If they are not made of paper, all flower pots and containers are in this category.  Sprinklers, hoses, watering cans, and gardening gloves are in this class.  All indoor and outdoor terrariums are included here as well.

Bathroom utensils

Combs, hair brushes, and all brushes for cosmetic purposes (eyebrow brushes, makeup brushes, and shaving brushes) are in class 21.  Soap dishes and paper dispensers, towel racks and vanity cases are here as well.  Even chamber pots are in this category (although it’s unlikely that there is a trademark application for a chamber pot company this week).

Toothbrushes – hand-powered or electric – are in this class.  Dental floss, water pics, and any other tools to clean your teeth are in trademark class 21.

Animal tools

Animal supplies for indoor and outdoor pets are covered in this class.  These may include:

  • Bird baths and cages
  • Animal cages
  • Drinking and feeding troughs
  • Aquariums and tanks
  • Brushes and combs for animals
  • Poultry rings
  • Litter boxes

Pest control

This includes all electric fly swatters or bug zappers, as well as insect, rat, and mouse traps.

Storage of clothing and shoes

Items to help store and save clothing and footwear are on this list, including:

  • Shoe trees and boot stretchers
  • Clothing and drying racks
  • Shoe horns
  • Ironing boards and covers
  • Tie and trouser presses (non-electric)
  • Shoe-polishing equipment (non-electric)

Some types of glass

Pieces of glass, porcelain, ceramics, or terra cotta that would be in a house are in this category.  This is not limited to useful things like flower pots and piggy banks.  Even pieces of art, sculptures, statues, and busts are in class 21.  Mosaic glass and stained, plated, and decorative powdered glass is in this class, too.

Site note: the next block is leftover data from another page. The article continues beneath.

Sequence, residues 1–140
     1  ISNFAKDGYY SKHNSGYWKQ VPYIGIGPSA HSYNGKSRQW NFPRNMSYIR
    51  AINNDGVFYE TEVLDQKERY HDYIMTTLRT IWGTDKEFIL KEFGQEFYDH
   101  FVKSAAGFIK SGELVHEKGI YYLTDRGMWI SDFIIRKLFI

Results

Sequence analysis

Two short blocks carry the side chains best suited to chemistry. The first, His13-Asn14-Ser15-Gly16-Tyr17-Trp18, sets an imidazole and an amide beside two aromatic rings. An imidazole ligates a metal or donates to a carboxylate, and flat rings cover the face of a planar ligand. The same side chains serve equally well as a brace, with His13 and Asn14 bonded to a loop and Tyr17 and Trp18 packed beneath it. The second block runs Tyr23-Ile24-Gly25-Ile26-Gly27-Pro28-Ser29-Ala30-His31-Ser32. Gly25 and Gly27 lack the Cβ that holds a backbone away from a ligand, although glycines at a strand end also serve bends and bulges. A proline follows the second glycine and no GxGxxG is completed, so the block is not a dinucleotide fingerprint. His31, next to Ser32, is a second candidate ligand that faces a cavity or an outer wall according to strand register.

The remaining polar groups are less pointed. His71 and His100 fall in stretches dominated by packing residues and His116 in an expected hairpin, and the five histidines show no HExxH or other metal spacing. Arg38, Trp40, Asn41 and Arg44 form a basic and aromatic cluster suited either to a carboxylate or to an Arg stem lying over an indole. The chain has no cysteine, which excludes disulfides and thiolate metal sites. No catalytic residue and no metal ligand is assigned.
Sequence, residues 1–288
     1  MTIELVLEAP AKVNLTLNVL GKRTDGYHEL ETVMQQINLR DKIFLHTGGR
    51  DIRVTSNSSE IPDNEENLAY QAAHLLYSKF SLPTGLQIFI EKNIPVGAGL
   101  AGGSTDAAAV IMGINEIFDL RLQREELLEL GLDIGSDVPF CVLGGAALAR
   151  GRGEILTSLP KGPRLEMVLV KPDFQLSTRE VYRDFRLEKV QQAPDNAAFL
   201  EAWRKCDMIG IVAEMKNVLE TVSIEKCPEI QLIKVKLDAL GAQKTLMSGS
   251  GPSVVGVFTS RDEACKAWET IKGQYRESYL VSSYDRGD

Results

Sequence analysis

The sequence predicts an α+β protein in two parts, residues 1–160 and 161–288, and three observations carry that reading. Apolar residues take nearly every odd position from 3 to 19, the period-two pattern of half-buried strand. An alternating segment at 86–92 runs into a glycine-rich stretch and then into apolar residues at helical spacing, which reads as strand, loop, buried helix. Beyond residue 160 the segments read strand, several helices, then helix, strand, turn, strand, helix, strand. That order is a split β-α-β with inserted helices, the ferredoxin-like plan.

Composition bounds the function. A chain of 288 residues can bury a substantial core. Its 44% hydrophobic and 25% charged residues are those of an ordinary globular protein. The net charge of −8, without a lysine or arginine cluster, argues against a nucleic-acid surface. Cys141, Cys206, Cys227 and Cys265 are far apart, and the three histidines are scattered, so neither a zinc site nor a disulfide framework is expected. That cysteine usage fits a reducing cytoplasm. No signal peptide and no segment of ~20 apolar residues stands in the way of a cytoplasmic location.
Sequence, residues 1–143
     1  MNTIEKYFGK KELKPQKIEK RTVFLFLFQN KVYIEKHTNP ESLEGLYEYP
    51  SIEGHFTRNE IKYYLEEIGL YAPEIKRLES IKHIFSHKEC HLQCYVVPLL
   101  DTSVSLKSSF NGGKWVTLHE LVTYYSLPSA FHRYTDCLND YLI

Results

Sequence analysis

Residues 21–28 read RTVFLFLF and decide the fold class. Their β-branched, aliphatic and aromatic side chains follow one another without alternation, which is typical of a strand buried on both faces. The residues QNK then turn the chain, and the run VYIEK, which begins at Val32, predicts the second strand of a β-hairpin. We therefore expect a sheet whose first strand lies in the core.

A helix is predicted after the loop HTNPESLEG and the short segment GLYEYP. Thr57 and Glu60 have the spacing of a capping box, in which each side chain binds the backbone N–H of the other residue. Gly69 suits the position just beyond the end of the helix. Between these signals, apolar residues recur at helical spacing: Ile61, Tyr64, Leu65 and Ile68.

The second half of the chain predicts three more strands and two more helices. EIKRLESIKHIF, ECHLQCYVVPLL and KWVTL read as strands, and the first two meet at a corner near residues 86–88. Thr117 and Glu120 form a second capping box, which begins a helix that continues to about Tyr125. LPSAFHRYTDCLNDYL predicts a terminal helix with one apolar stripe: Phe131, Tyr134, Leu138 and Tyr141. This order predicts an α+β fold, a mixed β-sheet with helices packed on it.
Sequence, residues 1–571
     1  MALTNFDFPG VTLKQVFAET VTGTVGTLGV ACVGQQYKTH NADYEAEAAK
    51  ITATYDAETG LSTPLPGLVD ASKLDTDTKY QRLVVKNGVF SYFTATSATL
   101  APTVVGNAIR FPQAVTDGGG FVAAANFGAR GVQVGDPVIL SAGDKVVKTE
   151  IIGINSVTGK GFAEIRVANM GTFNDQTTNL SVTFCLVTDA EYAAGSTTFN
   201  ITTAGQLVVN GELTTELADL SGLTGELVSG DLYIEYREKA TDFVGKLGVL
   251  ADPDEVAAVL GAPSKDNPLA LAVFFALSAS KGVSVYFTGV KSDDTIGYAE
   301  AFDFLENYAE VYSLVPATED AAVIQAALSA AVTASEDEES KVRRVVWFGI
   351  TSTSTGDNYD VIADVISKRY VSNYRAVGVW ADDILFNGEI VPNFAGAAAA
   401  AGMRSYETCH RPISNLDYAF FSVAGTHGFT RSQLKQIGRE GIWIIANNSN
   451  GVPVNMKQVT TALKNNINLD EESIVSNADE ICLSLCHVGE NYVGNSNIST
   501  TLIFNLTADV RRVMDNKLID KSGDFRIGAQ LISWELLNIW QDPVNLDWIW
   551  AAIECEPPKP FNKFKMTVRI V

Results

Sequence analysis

Fiberglass products

It seems like every trademark class has an item that is not like the others.  In class 21, it’s fiberglass.

Fiberglass, enameled glass, and glass wool are in this category, but only if they are not for insulation.  This includes fiberglass threads.

Related Products That Are Not in Trademark Class 21

It can be difficult to figure out which class your trademark should be in.  If you’re not sure if your product falls under class 21, consider these related classes:

Class 3 – Cleaning substances:  This includes all soaps and products for cleaning, but not the cleaning tools themselves.

Class 11 – Appliances:  All electric appliances will fall into this category.  Class 21 only includes kitchen tools that are hand-powered.

Class 20 – Furniture:  Mirrors, including bathroom mirrors are in class 20 – furniture.

Conclusion

Trademark class 21 includes all utensils, dishes, and tools used around the house and garden.

Filing for a trademark can be a complicated process.  If you file your application using the wrong class, the USPTO will reject it.

It’s wise to get advice from an experienced trademark attorney who can help you understand the trademark classes, and choose which class your product or service should be in.  A lawyer can also make sure you are not infringing on any other trademark before you go through the application process.